Thursday, July 1, 2010

The Wild Garden

Nearly everyday, when I am out harvesting one thing or the other, I think about a blog post.  The thing is, by the time I get to the computer, my body and brain are exhausted and writing doesn't happen.  I would like to think I can make more time for the blog right now, but there is too much going on outside!

Back in the spring, I was a bit envious of friends' gardens.  We had just moved, spread a bit thin time-wise and couldn't quite tame the overgrowth enough to plant.  Though I had no cultivated gardens, I was harvesting everyday.  Thankfully, I saw the sunlight and my perspective shifted.  I had a wild garden.  I didn't weed, I didn't water, I harvested and gave thanks.  That's all.  

Though we now have a small garden beginning to offer us fruits for our labors of double-digging, tilling, weeding, mulching, watering, the list of labors goes on and on, I still harvest from the wild garden everyday.  And it gives me more joy to do so.  The wonders of nature are forever around us and I am forever amazed by the bountiful wild world.  I can live off of the land itself, truly.

I spent the morning picking wild blackberries with a friend.  Joyous work, sweating in the sun, breeze blowing, good conversation and the shared excitement over finding a cane of particularly juicy berries.  The best ones just never make it home, why is that?

Later I harvested the daylilies.  I do this daily, some to eat, some to freeze, and some for an upcoming batch of wine.  I think they are on their way out.  There are some late blooming elders here and there, destined for the same purposes, and the red clover is giving her final efforts.  I will miss them.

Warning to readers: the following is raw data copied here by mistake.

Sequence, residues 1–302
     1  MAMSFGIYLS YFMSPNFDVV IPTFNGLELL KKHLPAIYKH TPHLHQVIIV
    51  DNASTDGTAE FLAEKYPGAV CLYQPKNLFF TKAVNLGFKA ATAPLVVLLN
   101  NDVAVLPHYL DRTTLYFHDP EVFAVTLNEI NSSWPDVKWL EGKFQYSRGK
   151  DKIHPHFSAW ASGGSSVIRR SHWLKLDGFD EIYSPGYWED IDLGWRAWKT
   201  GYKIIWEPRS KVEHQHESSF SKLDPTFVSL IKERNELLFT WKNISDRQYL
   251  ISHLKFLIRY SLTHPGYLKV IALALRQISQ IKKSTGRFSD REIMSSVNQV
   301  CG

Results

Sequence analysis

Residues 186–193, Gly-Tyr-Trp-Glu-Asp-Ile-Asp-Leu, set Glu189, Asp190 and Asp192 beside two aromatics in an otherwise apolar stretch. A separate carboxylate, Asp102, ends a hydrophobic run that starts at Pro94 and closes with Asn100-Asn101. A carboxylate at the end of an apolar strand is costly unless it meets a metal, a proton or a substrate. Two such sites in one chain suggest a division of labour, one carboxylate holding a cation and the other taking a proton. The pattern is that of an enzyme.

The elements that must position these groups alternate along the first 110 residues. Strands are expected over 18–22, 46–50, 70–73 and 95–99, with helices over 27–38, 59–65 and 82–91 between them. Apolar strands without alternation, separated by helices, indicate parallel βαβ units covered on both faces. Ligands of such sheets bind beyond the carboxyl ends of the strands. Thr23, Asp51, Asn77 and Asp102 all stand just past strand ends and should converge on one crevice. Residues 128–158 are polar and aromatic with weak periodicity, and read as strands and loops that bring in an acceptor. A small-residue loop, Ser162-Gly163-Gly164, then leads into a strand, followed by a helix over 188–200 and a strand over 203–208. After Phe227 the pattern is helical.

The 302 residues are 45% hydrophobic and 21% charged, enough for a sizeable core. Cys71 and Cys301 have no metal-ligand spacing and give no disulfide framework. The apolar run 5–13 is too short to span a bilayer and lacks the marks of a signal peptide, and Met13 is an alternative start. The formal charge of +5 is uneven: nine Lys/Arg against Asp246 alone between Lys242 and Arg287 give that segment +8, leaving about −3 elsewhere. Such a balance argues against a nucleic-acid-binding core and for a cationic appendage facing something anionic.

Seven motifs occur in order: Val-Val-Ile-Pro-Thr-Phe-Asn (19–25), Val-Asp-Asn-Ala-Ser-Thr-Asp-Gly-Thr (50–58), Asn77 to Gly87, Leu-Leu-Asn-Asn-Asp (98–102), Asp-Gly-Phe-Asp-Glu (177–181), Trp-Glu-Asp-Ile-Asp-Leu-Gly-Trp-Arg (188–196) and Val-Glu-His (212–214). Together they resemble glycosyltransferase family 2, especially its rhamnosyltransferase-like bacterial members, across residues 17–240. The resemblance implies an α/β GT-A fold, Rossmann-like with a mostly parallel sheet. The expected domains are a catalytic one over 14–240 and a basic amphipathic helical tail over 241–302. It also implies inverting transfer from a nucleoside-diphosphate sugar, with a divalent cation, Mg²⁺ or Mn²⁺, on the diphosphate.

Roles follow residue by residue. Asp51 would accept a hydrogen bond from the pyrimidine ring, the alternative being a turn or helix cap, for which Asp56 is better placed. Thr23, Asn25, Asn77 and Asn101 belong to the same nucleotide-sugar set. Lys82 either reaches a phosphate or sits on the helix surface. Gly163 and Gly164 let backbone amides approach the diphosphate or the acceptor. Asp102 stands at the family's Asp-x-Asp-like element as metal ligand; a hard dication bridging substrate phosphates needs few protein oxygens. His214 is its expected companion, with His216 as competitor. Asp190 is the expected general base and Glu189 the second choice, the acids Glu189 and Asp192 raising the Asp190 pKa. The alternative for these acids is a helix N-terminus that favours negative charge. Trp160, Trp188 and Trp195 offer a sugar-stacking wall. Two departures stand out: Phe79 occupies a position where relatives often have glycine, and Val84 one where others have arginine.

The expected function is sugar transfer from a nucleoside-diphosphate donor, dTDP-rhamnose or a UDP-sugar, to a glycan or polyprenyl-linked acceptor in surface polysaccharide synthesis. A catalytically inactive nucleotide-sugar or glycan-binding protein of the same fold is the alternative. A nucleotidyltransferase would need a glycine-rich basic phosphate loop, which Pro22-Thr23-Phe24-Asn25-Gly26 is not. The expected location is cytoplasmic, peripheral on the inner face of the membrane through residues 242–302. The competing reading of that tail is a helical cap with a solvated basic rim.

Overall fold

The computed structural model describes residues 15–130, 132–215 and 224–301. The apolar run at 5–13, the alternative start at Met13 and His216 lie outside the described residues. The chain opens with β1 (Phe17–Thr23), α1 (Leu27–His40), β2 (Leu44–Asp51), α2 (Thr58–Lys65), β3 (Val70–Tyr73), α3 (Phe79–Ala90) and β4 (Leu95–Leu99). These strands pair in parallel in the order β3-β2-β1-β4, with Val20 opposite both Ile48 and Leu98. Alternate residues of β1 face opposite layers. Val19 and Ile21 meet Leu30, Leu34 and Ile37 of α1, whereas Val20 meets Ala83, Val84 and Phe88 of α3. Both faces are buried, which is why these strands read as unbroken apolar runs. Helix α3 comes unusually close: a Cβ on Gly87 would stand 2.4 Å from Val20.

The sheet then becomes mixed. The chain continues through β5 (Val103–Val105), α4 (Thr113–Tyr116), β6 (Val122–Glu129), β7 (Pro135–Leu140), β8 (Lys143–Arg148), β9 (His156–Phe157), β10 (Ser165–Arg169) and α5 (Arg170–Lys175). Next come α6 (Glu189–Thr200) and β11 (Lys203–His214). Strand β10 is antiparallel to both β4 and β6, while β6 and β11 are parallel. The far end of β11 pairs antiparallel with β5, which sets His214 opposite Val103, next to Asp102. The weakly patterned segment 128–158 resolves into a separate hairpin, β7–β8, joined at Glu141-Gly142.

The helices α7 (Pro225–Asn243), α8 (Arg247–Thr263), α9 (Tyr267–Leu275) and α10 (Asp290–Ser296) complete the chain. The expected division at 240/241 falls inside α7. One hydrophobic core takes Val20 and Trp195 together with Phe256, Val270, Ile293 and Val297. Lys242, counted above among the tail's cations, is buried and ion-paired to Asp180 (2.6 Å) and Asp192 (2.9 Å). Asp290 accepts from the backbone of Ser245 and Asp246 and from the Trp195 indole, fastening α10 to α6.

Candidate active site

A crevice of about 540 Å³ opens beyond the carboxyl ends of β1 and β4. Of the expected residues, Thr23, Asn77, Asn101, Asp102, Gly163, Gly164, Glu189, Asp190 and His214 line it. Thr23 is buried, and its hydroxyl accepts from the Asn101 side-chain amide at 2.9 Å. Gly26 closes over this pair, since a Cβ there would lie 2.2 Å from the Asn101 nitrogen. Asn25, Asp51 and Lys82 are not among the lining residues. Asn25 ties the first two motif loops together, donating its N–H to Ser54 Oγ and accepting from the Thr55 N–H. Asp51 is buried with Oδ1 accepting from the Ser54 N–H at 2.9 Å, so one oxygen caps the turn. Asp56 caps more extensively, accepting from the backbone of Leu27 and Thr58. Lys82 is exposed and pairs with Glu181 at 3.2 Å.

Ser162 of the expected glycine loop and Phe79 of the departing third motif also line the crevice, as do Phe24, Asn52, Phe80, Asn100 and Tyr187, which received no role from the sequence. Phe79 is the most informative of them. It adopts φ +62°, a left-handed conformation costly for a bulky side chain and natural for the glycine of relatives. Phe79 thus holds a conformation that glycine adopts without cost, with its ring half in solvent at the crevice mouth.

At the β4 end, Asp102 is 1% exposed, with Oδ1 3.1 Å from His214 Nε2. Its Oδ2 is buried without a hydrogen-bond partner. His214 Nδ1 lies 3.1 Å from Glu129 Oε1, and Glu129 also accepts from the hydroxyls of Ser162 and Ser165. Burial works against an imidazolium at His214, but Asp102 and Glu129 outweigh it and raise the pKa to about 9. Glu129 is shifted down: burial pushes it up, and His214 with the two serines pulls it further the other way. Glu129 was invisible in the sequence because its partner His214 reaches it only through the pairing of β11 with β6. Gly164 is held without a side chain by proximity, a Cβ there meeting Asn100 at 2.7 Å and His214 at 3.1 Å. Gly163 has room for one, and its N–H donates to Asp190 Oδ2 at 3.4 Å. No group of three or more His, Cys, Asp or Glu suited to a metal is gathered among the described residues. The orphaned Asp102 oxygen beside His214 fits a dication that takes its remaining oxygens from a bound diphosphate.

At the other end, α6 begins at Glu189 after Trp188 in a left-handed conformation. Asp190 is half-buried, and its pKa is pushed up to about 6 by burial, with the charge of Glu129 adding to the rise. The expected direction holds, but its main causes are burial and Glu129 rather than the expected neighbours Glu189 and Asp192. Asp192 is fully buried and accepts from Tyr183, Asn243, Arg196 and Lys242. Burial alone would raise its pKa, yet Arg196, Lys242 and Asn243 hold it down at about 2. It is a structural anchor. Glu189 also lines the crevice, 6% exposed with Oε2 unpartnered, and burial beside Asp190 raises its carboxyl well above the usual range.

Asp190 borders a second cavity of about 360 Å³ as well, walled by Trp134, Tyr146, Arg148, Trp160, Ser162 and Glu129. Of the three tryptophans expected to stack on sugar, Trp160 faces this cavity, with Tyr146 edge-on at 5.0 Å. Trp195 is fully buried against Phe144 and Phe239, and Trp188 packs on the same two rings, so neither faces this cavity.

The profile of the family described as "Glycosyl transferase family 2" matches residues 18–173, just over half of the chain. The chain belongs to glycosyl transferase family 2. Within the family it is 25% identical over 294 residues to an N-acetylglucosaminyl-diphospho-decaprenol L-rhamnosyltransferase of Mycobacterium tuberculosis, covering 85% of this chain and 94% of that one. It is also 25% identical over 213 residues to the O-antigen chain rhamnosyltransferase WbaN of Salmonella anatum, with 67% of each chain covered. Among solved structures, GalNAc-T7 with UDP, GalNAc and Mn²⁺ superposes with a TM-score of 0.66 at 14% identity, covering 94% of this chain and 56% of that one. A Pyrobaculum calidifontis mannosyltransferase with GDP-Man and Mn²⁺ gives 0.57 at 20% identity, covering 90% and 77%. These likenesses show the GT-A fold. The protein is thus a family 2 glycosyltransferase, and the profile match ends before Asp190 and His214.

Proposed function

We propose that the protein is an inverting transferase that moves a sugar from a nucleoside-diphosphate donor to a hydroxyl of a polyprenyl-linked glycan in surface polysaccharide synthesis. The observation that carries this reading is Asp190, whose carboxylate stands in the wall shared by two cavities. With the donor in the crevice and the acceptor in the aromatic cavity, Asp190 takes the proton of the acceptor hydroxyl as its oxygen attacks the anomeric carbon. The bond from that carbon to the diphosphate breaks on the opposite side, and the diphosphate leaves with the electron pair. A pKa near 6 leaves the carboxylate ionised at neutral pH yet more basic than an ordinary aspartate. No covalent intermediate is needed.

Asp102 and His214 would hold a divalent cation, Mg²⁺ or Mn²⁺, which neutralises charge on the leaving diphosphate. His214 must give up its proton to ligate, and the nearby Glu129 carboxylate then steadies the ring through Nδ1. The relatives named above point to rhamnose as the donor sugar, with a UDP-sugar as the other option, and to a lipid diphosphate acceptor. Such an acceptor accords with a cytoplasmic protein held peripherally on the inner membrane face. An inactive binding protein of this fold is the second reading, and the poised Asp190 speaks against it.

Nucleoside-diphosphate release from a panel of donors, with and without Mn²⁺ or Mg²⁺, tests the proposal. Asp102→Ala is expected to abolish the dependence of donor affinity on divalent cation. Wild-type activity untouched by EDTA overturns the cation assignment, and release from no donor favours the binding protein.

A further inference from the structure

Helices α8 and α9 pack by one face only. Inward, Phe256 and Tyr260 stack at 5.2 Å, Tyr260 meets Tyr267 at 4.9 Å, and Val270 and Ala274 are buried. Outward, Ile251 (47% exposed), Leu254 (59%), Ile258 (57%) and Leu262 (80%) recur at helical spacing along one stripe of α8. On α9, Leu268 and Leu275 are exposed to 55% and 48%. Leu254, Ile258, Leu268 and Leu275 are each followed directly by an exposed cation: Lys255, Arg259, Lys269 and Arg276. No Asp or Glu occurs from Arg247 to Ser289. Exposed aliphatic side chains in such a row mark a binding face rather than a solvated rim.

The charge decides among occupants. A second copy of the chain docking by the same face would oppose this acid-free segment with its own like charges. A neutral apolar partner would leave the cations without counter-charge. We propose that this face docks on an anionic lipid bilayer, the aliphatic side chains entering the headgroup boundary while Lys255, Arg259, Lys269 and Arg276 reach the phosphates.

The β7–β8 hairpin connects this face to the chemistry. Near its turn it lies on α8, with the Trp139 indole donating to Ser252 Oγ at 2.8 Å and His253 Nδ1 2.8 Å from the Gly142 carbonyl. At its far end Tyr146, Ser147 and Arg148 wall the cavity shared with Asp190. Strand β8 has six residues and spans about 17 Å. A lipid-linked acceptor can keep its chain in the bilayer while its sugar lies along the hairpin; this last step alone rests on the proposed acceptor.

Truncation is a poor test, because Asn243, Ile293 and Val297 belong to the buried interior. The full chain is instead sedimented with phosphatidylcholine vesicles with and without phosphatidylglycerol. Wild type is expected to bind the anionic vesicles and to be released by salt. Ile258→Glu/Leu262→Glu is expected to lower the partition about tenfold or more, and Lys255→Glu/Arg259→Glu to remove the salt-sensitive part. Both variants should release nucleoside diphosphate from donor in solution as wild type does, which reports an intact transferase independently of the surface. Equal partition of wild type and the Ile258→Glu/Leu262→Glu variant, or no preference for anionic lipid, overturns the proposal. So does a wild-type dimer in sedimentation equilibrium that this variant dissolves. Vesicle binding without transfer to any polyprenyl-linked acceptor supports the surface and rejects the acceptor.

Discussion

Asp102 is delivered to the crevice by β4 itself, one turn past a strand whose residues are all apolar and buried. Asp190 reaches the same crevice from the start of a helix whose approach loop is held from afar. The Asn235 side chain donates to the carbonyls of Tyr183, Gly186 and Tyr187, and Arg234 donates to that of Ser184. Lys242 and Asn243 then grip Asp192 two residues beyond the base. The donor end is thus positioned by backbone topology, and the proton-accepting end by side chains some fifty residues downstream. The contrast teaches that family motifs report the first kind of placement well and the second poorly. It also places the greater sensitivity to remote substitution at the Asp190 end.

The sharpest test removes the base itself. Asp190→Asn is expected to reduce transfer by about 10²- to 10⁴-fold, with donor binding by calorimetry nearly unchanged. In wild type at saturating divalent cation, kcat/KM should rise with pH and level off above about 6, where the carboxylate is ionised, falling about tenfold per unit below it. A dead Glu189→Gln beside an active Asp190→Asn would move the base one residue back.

I recently harvested dock seeds, mainly yellow dock but there are a variety of rumex species right outside of my door.  Right now they are sitting in paper bags awaiting processing.  I'll store them in glass jars until I want flour, then I will give them a turn in the herb and spice dedicated coffee grinder.  There are still plenty of young dock leaves to be harvested as well, for greens and pakora like fritters on the table.  

We were in the park recently and happened upon a large mulberry tree.  We harvested off of the ground and the tree probably a gallon of berries, not counting the nearly equal amount the five of us stuffed in our mouths as we harvested.  Food is everywhere!

Soon there will be elderberries, wild grapes, persimmons, walnuts, keeps going year round.  You don't have to go far or look too hard.  The Mother provides.  The wild garden grows where ever you may be.  

For the locals:  I will be leading a plant walk in Renaissance Park next week.  Wednesday, July 7th, 7pm.  The park is quite wild, with its undisturbed woodland paths, and the native plantings in between the mounds and the marsh.  It is quite the exhibit of wild plants for food and medicine right in downtown Chattanooga!  We will take a brief look at all we find, spending more time on what to harvest NOW and what is forthcoming.  Cost is $10-$20 sliding scale.

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